As a die-hard Harry Styles stan, I’m proud to say that the bloke is fairly unproblematic and instead adorns his shows and memorabilia with slogans like “Treat People With Kindness.”
But the one problematic aspect of the princely singer that I have never been able to make peace with is the allegations of queerbaiting.
In his new Rolling Stone interview, in which he graced the cover and looked DIVINE, Harry addressed these long-running allegations.
“Sometimes people say, ‘You’ve only publicly been with women,’ and I don’t think I’ve publicly been with anyone,” he told the mag.
“If someone takes a picture of you with someone, it doesn’t mean you’re choosing to have a public relationship or something.”
Let’s take a little walk down memory lane, shall we?
After freeing himself from One Direction, Harry Styles’ style (hehe) evolved from basic British dude to the ethereal unicorn we know and love him as today.
Harry Styles (far right) as a preppy member of 1D in 2012. (Credit: Getty)
Now, his nails are always perfectly polished, he swans around on stage with an LGBTQIA+ flag and he even wears dresses in photoshoots.
But with the evolution of his style came all the questions about his sexuality.
Harry Styles for Vogue December 2020 by Tyler Mitchell.
He’s addressed the questions many times in interviews, telling folks he’s sexually fluid but doesn’t want to label himself, all the while only publicly dating women.
And therein lies the issue. Harry is part of a generation of men who profit off queer culture by using parts of our identity without actually identifying as queer (at least not publicly).
So I do understand why people are frustrated that Harry is being celebrated as super brave when he hasn’t actually had to deal with nearly as much discrimination as us queer people.
In my opinion, wearing a dress in a photoshoot isn’t as brave as openly identifying as queer in an incredibly homophobic society.
But on the other hand, why should Harry have to come out as anything?
Just because he’s a singer, people think they have the right to question his sexual preferences.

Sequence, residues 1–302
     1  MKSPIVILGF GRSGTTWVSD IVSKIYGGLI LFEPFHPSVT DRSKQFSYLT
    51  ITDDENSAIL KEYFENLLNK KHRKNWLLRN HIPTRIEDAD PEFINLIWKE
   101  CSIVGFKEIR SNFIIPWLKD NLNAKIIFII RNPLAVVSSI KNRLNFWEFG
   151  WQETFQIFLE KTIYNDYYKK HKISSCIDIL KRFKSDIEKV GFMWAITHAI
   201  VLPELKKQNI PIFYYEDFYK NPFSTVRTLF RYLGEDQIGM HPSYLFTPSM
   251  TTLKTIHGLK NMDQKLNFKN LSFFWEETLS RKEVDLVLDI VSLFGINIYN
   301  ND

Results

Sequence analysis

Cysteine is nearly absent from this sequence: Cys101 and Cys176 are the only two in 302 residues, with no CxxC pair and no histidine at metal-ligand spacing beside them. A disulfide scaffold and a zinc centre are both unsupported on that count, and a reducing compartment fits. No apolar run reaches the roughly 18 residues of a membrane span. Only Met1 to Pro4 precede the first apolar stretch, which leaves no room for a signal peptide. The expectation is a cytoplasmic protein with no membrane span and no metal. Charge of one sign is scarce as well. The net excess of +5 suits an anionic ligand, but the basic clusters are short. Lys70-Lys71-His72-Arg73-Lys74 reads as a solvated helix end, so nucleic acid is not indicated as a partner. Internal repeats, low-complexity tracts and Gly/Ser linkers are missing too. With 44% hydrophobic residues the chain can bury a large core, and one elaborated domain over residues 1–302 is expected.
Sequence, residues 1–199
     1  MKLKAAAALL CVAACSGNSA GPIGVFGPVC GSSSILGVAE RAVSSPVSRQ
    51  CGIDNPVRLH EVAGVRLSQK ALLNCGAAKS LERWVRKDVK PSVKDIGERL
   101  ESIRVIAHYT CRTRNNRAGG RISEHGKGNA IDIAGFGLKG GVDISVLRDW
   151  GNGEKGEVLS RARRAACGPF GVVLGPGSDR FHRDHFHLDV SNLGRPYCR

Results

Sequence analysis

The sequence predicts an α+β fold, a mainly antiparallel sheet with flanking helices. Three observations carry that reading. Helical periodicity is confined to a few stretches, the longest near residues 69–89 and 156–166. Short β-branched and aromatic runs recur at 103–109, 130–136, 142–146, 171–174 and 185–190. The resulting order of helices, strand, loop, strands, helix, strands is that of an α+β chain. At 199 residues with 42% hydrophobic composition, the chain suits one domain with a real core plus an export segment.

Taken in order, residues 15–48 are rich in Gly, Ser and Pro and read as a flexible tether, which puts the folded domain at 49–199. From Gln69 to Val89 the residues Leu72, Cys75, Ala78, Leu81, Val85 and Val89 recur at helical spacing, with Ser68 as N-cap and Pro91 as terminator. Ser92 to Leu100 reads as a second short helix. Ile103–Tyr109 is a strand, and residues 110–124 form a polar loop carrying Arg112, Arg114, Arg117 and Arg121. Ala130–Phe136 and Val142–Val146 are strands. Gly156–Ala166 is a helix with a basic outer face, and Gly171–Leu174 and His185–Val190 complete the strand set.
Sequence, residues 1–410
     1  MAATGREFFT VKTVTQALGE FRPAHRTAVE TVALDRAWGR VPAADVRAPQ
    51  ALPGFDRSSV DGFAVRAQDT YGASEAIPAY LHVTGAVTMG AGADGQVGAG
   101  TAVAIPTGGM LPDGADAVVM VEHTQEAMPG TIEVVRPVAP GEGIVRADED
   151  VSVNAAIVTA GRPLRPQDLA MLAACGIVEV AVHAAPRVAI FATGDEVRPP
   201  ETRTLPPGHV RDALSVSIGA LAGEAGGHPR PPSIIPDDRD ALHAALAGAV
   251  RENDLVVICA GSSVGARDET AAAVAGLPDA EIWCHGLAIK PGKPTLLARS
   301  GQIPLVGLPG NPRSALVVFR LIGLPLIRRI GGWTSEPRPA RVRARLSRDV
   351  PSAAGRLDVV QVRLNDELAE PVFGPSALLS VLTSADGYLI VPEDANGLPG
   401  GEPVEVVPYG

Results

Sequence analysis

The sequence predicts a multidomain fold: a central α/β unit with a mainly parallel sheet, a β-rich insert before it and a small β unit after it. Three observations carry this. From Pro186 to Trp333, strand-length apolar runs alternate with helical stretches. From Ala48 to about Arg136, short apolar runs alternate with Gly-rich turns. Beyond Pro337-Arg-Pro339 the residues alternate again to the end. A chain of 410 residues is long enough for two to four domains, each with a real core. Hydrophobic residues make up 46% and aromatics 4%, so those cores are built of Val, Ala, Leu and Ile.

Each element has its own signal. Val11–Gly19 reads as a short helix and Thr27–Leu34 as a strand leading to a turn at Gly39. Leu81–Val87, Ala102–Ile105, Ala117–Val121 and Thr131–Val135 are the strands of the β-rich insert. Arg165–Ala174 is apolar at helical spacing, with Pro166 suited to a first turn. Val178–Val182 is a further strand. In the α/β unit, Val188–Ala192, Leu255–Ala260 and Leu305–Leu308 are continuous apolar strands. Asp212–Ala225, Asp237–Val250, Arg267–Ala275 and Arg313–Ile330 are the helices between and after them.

In his recent Better Homes & Gardens interview, he described the constant questioning of his sexuality as “bizarre” and “outdated.”
“I’ve been really open with it with my friends, but that’s my personal experience; it’s mine,” he told the mag.
“The whole point of where we should be heading, which is toward accepting everybody and being more open, is that it doesn’t matter, and it’s about not having to label everything, not having to clarify what boxes you’re checking.”
He absolutely made a valid point there.
I’m also reminded of the fact that Harry was stifled during his time in One Direction and forced to tone down his true style in order to fit the mould carved out for him by the record label in order to cater to our supremely straight society.
So now that he’s free, he should be allowed to do whatever he damn well pleases without being questioned.
But as a powerful role model, is this fair to his queer fans who look up to him?
It’s such a contentious subject and one that I still have mixed feelings about, even after all the recent interviews discussing his sexuality and allegations of queerbaiting.
Live and let live, I say. But then again, doesn’t the LGBTQIA+ community deserve more from our role models?
Matty Galea is the Senior Entertainment Editor at PEDESTRIAN.TV, as well as our resident astrologer who pens our weekly horoscope series, ‘Your Horos Are Here’. He also Tweets about pop culture and astrology and posts spicy content on Instagram.